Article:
114. Pursuant to the dispute resolution process set out in this Agreement, in the event that the Court finds that any Party has engaged in a material breach of the Agreement, the Parties hereby stipulate that the Court may enter the Agreement and any modifications pursuant to paragraph 124 as an order of the Court and to retain jurisdiction over the Agreement to resolve any and all disputes arising out of the Agreement.

VII. INDIVIDUAL ACTIONS, MEDIATION
        115. All litigation matters regarding the damage claims in the case at bar (Tyehimba v. City of Cincinnati) and the following cases, in which the statute of limitations have not expired, are tolled until July 1, 2002:
        Antonio Johnson v. City of Cincinnati, Case No. C-1-99-1063
        Matthew Shaw v. City of Cincinnati, Case No. C-1-00-1064
        Mark A. Ward v. City of Cincinnati, Case No. C-1-99-494
        Charles A. Wiley v. City of Cincinnati, Case No. C-1-00-267
        Lisa Youngblood-Smith v. City of Cincinnati, Case No. C-1-00-434
        Elsie Carpenter v. City of Cincinnati, Case No. C-1-99-227
        Nathaniel Livingston v. Thomas Streicher, Case No. C-1-01-233
        Lasha Simpson v. Thomas Streicher, (re force on 4/14/01)(to be refiled federal court)
        Claim of Vinnie Clarke and Terry Horton
        Claim of William Haysbert
        Claim of John E. Harris
        Claim of Ms. Stephanie Keith and Paul Keith
        Claim of Enrico Martin
        Claim of Roderick Glenn
        Claim of Arnold White
        Claim of Tony Stillwell
        Claim of Sheila Barnes
        Claim of Iweka Okaraocha
        Claim of Patricia Watkins
        Undersigned Plaintiffs' counsel are counsel of record for the above and are authorized to so stipulate on their behalf.
        116. The Parties agree to develop an expedited arbitration process for the above cases within thirty days of the approval of this Agreement. The process will include a provision for an exchange of lists by the City, the attorney for any individual defendants and the claimants of the cases and claims each party is willing to submit to arbitration. All statutes of limitation that have not expired are tolled until July 1, 2002 in the above matters. All settlements achieved shall be available to the public. For any case on the above list that is not settled by July 1, 2002, that case may be filed if not already filed or returned to the active litigation docket if already pending.

VIII. MISCELLANEOUS PROVISIONS
        117. This Settlement Agreement is the product of extensive arms-length negotiations by competent legal counsel for the Parties.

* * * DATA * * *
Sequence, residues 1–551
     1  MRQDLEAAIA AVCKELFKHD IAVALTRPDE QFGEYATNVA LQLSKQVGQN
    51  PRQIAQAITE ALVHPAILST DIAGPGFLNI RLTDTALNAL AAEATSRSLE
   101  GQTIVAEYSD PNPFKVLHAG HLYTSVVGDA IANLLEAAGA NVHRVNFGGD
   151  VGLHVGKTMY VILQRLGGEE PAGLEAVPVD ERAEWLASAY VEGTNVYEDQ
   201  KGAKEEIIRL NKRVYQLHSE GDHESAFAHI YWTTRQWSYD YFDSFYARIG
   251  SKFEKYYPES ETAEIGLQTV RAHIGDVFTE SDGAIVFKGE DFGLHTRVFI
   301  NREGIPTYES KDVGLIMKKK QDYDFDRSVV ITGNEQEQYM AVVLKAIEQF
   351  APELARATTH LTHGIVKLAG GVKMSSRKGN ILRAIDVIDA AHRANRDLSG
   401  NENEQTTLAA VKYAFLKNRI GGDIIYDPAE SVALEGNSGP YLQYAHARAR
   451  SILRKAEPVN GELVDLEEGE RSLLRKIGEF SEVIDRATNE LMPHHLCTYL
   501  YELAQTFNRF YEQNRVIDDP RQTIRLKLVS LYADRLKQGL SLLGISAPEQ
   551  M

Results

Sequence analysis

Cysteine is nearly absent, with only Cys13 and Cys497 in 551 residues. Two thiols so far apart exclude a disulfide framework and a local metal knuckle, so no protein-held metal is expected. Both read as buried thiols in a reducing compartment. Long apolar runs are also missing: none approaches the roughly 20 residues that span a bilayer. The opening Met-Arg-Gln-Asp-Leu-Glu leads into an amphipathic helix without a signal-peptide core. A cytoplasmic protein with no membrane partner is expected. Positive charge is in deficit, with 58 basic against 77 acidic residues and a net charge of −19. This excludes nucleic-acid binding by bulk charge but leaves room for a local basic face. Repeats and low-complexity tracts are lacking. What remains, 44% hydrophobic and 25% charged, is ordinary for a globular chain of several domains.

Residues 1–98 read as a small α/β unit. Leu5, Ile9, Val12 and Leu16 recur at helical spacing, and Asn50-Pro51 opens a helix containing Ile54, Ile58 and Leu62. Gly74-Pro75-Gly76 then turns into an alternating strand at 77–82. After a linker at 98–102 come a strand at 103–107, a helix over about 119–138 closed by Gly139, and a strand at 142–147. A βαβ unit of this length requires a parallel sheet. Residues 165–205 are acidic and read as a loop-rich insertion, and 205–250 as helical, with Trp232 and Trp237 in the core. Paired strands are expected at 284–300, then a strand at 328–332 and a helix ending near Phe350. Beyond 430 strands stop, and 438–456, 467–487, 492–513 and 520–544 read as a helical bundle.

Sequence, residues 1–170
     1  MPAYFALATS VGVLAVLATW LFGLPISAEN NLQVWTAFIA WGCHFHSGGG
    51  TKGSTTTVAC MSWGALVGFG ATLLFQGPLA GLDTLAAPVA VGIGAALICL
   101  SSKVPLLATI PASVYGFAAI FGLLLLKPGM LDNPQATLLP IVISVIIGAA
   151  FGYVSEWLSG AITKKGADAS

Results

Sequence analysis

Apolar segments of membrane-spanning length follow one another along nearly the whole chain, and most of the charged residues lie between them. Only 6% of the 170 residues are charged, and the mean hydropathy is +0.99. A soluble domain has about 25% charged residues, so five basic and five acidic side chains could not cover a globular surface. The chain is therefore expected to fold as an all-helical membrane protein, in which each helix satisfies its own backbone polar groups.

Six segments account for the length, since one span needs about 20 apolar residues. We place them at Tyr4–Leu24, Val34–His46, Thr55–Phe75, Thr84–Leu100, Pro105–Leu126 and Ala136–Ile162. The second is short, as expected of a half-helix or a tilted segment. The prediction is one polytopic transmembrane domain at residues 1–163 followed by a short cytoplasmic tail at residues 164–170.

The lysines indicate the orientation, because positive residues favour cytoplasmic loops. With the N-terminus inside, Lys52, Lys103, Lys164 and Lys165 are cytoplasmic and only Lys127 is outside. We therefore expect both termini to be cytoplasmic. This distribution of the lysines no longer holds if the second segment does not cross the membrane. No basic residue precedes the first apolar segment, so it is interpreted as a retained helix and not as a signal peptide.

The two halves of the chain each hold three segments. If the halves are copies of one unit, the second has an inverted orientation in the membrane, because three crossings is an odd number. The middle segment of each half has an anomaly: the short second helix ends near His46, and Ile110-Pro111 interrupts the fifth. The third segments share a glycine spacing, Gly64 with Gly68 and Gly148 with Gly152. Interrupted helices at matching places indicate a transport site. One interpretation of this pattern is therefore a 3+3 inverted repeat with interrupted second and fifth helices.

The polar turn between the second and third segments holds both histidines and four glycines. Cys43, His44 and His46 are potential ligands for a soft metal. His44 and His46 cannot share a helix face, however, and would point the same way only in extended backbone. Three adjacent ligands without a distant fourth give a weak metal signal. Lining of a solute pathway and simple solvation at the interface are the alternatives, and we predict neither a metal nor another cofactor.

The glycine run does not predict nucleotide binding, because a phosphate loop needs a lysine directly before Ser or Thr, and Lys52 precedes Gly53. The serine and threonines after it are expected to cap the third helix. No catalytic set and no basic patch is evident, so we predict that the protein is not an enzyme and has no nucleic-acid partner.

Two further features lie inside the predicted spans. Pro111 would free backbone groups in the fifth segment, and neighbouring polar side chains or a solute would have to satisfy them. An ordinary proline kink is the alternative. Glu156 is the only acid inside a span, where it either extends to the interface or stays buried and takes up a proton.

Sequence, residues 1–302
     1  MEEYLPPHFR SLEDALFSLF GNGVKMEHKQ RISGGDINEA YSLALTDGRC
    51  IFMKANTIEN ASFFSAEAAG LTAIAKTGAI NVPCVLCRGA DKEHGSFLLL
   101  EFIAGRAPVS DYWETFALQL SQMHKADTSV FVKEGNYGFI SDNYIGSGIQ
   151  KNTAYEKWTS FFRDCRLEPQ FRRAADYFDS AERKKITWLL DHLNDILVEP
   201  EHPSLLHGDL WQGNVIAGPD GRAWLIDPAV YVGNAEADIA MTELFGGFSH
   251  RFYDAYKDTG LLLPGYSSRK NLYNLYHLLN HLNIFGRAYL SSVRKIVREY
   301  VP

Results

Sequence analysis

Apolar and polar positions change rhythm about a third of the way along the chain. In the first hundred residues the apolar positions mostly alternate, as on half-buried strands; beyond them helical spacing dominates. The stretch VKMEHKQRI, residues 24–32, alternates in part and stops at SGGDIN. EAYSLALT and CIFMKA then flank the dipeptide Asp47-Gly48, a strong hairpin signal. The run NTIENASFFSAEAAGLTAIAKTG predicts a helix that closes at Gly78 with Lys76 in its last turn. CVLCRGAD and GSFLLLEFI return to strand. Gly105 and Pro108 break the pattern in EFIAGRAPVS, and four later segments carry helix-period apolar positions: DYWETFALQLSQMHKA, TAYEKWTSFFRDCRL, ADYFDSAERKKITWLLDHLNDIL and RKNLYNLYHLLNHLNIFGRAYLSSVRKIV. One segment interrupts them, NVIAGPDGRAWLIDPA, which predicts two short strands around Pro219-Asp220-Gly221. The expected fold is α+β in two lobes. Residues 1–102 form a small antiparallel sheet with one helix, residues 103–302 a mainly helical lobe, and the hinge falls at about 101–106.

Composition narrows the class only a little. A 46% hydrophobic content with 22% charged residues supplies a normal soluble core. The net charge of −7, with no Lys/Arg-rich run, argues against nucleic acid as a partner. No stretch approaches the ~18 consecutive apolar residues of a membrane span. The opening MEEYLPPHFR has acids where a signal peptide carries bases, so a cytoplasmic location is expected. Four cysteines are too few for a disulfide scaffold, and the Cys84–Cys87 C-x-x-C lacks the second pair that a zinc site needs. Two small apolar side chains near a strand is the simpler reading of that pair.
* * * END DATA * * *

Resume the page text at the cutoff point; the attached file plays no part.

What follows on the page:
118. The Parties agree that they are entering into this class action settlement agreement for settlement purposes only. Any acquiescence or agreement to the class certification in this case does not constitute an admission of liability or fault by the City of Cincinnati and may not be used as evidence in any proceeding for damages by any member of the class.
        119. No Party shall retaliate in any manner against any other Party or person for their participation in this case.
        120. All Parties hereto agree to exercise their best efforts and to take all reasonable steps necessary to effectuate the Settlement set forth in this Agreement.
        121. This Agreement constitutes the entire Agreement among the Parties with regard to the subject matter of this Agreement.
        122. Any notice, request, instruction or other document to be given hereunder by any Party hereto to any other Party (other than class notification) shall be in writing and delivered personally or sent registered or certified mail, postage prepaid, to the Parties as follows:
        To: Cincinnati
        City Manager with a copy to
        City Solicitor Fay Dupuis
        City Hall
        801 Plum Street
        Cincinnati, OH 45202
                To: Class Counsel and plaintiffs or class members:
        Alphonse A. Gerhardstein Kenneth L. Lawson
        Class Counsel Class Counsel
        1409 Enquirer Building 1575 Kroger Building
        617 Vine Street 1014 Vine Street
        Cincinnati, OH 45202 Cincinnati, OH 45202
        Scott T. Greenwood
        Class Counsel
        1 Liberty House
        P.O. Box 54400
        Cincinnati, Ohio 45254-0400
        ACLU Foundation of Ohio, Inc.
        4506 Chester Avenue
        Cleveland, OH 44103
        To: Fraternal Order of Police
        Don Hardin
        Steve Lazarus
        915 Cincinnati Club Building
        30 Garfield Place
        Cincinnati, OH 45202
        123. This Agreement is a public document and shall be posted on the websites of the City or CPD and of the Plaintiffs.
        124. This Agreement may only be modified in writing and on consent of the Parties.
        125. The Parties agree to join in a motion to approve a class action settlement that will incorporate the terms of this Agreement and protect the City from other lawsuits seeking injunctive relief on the matters addressed herein. Further, the Parties agree that this is not a consent decree and stipulate to continuing jurisdiction and venue in the United States District Court for the Southern District of Ohio for enforcement in accordance with this Agreement's provisions. Further, the Parties agree that this matter may be appropriate for administrative processing in the Court's discretion after the fairness hearing.